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14 Chapter 14 Developing Merchandise Plans RETAIL MANAGEMENT: A STRATEGIC APPROACH, 10th Edition BERMAN EVANS.

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Presentation on theme: "14 Chapter 14 Developing Merchandise Plans RETAIL MANAGEMENT: A STRATEGIC APPROACH, 10th Edition BERMAN EVANS."— Presentation transcript:

1 14 Chapter 14 Developing Merchandise Plans RETAIL MANAGEMENT: A STRATEGIC APPROACH, 10th Edition BERMAN EVANS

2 14-2 Chapter Objectives  To demonstrate the importance of a sound merchandising philosophy  To study various buying organization formats and the processes they use  To outline the considerations in devising merchandise plans: forecasts, innovativeness, assortment, brands, timing, and allocation  To discuss category management and merchandising software

3 14-3 Merchandising Activities involved in acquiring particular goods and/or services and making them available at the places, times, and prices and in the quantity that enable a retailer to reach its goals

4 14-4 Merchandising Philosophy  Sets the guiding principles for all the merchandise decisions that a retailer makes  Should reflect * Target market desires * Retailer’s institutional type * Market-place positioning * Defined value chain * Supplier capabilities * Costs * Competitors * Product trends

5 14-5 Scope of Merchandising Responsibility  Full array of merchandising functions * Buying and selling * Selection, pricing, display, customer transactions OR  Focus on buying function only

6 14-6 Figure 14-1: Nike’s Own Store Merchandising Philosophy

7 14-7 Micromerchandising Retailer adjusts shelf-space allocations to respond to customer and other differences among local markets

8 14-8 Cross-Merchandising Retailers carry complementary goods and services to encourage shoppers to buy more

9 14-9 Figure 14-2: Attributes and Functions of Buying Organizations

10 14-10 Functions Performed  Merchandising view * All buying and selling functions Assortments Advertising pricing Point-of-sale displays Employee utilization Personal selling approaches

11 14-11 Functions Performed (cont.)  Buying view * Buyers manage buying functions Buying Advertising Pricing * In-store personnel manage other tasks Assortments Point-of-sale displays Employee utilization Personal selling approaches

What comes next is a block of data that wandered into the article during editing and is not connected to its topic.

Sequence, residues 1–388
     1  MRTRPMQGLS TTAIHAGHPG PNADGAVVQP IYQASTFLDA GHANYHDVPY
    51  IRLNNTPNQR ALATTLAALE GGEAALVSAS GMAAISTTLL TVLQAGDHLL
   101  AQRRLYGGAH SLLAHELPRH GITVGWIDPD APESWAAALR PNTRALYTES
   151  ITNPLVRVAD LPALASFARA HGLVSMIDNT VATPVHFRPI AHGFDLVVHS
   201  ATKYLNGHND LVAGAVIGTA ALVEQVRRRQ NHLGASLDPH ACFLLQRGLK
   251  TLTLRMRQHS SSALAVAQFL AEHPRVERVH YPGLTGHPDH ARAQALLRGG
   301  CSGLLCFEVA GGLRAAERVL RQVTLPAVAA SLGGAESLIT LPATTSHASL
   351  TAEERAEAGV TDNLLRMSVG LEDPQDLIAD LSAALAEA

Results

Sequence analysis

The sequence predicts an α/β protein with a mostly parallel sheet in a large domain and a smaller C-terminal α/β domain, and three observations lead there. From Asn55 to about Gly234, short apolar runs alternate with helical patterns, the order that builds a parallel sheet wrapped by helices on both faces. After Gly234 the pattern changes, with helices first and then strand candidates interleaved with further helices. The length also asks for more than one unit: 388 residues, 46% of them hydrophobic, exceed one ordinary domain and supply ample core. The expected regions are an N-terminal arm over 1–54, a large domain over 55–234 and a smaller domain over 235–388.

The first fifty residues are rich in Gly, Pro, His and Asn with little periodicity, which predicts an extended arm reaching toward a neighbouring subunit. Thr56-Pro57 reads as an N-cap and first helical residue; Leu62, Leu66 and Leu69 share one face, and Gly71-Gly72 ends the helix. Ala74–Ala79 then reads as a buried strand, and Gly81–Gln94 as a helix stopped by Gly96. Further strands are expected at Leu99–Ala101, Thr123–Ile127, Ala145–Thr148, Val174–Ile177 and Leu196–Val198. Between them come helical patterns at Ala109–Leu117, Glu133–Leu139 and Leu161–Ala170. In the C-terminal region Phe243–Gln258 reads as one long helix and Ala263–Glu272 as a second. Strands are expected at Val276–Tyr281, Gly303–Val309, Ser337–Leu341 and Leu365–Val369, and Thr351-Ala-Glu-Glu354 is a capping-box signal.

12 14-12 Figure 14-4: Merchandising Versus Store Management Career Tracks

13 14-13 Figure 14-5: Devising Merchandise Plans

14 14-14 Forecasts  These are projections of expected retail sales for given periods * Components: Overall company projections Product category projections Item-by-item projections Store-by-store projections (if a chain)

15 14-15 Types of Merchandise  Staple merchandise  Assortment merchandise  Fashion merchandise  Seasonal merchandise  Fad merchandise

16 14-16 Staple Merchandise  Regular products carried by a retailer * Grocery store examples: milk, bread, canned soup  Basic stock lists specify inventory level, color, brand, style, category, size, package, etc.

17 14-17 Assortment Merchandise  Apparel, furniture, auto, and other categories for which the retailer must carry a variety of products in order to give customers a proper selection  Decisions on Assortment * Product lines, styles, designs, and colors are projected * Model stock plan

18 14-18 Fashion and Seasonal Merchandise  Fashion Merchandise: Products that may have cyclical sales due to changing tastes and life-styles  Seasonal Merchandise: Products that sell well over nonconsecutive time periods

19 14-19 Table 14-1a: Factors in Planning Merchandise Innovativeness FACTORRELEVANCE for PLANNING Target market(s)Evaluate whether the target market is conservative or innovative Goods/service growth potential Consider each new offering on the basis of rapidity of initial sales, maximum sales potential per time period, and length of sales life Fashion trendsUnderstand vertical and horizontal fashion trends, if appropriate Retailer imageCarry goods/services that reinforce the firm’s image